References
Baillie, C. 2008. Assessment of evaporation losses and evaporation mitigation technologies for on farm water storages across Australia. Cooperative Research Centre for Irrigation Futures, Irrigation Matters Series, (05/08).

Feit, B., Dempster, T., Gibb, H., & Letnic, M. 2015. Invasive Cane Toads’ Predatory Impact on Dung Beetles is Mediated by Reservoir Type at Artificial Water Points. Ecosystems, 1-13.

Lever, C. 2001. The cane toad: the history and ecology of a successful colonist. Westbury Academic & Scientific Publishing.

Nichols, E., Spector, S., Louzada, J., Larsen, T., Amezquita, S., Favila, M. E., & Network, T. S. R. (2008). Ecological functions and ecosystem services provided by Scarabaeinae dung beetles. Biological conservation, 141(6), 1461-1474.

Penttilä, A., Slade, E. M., Simojoki, A., Riutta, T., Minkkinen, K., & Roslin, T. (2013). Quantifying beetle-mediated effects on gas fluxes from dung Pats. PloS one, 8(8), e71454.

Happy Taxonomy Day!

March 19th is Taxonomy Day, a 24-hour period dedicated to the science of defining where biological organisms belong, based on their common characteristics. If the mnemonic “Kings Play Chess On Fine Green Silk” is familiar, you’ve already had a lesson in taxonomy. This represents how we classify organisms from the most broad category (Kingdom), all the way  down to the finest (Species).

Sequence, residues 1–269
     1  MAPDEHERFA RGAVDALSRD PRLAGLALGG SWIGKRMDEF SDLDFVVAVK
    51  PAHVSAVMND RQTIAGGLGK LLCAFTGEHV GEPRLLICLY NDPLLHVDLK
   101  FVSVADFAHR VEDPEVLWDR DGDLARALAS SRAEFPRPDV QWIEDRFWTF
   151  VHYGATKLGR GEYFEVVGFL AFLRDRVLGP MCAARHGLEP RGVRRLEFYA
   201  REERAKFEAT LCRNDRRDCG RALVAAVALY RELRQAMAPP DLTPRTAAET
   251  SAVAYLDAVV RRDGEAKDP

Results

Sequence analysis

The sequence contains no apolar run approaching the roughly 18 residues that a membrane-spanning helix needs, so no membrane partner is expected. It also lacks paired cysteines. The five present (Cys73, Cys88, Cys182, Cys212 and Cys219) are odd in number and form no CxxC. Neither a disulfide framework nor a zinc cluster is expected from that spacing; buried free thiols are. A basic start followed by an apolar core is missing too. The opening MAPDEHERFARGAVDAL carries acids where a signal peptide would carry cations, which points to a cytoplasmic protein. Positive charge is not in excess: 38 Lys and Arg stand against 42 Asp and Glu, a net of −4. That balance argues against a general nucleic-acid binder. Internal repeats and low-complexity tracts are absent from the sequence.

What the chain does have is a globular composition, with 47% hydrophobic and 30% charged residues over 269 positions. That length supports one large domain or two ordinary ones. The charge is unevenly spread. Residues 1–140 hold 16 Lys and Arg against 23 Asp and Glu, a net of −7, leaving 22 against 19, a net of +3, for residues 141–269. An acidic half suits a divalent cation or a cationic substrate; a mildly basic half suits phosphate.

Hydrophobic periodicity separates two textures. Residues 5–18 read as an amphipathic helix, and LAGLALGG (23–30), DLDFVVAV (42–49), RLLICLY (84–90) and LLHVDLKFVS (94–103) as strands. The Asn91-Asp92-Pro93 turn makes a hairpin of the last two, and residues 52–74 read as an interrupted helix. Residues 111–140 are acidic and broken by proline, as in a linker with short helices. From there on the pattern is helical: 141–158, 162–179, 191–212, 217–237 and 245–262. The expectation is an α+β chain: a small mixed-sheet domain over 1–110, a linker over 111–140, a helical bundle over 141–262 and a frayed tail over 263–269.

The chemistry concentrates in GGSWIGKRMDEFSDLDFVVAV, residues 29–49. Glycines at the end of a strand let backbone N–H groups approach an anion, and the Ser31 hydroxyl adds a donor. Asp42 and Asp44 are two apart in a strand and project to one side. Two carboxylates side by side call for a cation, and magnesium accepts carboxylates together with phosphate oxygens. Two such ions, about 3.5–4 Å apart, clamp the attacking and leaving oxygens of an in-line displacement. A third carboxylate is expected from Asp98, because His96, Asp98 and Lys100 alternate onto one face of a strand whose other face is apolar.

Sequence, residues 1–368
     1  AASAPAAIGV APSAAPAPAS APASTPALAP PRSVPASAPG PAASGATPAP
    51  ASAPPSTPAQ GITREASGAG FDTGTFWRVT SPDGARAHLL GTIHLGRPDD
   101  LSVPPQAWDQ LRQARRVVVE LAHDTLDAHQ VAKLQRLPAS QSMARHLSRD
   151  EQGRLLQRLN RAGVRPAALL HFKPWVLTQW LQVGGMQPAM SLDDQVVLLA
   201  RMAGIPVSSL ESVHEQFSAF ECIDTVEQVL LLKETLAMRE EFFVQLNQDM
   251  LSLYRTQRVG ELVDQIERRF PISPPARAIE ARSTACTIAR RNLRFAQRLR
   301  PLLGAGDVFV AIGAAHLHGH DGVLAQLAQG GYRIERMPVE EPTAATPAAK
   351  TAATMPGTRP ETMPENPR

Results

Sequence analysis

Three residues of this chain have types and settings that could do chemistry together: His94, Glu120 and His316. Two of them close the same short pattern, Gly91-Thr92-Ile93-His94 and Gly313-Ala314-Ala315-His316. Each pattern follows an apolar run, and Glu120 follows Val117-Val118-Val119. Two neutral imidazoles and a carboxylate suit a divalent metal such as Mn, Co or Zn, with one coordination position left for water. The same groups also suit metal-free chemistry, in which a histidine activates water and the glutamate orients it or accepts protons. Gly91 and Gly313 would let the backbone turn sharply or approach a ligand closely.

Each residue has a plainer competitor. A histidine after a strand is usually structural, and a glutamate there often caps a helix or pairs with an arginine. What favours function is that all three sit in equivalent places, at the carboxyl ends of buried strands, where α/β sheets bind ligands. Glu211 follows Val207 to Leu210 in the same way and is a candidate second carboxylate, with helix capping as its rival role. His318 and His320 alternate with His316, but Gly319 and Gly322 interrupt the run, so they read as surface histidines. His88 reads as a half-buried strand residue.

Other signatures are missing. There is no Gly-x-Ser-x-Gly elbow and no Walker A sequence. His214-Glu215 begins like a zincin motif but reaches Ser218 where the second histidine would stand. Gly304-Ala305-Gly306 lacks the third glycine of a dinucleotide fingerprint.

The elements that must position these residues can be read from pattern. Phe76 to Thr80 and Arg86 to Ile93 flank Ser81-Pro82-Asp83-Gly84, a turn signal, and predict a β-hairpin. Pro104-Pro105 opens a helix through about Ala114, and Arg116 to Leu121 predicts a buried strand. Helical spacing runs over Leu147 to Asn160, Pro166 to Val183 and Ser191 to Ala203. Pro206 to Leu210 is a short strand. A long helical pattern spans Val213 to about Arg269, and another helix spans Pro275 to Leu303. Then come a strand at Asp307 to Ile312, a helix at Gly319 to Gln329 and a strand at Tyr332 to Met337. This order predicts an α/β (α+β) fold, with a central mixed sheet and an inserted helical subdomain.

For my Taxonomy Day post, I chose to focus on two species I am very familiar with Aphodius fimetarius and Aphodius pedellus. These species of dung beetles superficially look almost identical, and nobody realised that they were completely different species until they were kayotyped. This is a process where the chromosomes of an organism are isolated, stained, and examined under a microscope. When several different representative beetles of this brilliant beetle were examined under the scope, their chromosomes were completely different. There weren’t any examples of individuals where chromosomes looked like a mixture of the two types, meaning there were no instances of hybridisation.

Scientists then realised that the species had different morphological characteristics as well. One species had a more densely punctured pronotum than the other. Even more striking differences were found when the aedeagus (male genitals) of the two different species were compared. As the characteristics of individual beetles vary greatly from one to the next, it can be easy to lump things into species when they look the same. Through collaborations between traditional taxonomy, and new molecular methods – we can learn more about the wonderful diversity that often remains hidden out of sight.

ped_fim

Reference
Miraldo, A., Krell, F.-T., Smalén, M., Angus, R. and Roslin, T. 2014. Making the cryptic visible – resolving the species complex of Aphodius fimetarius (Linnaeus) and Aphodius pedellus (de Geer) (Coleoptera: Aphodiidae) by three complementary methods. Systematic Entomology 39: 531–547.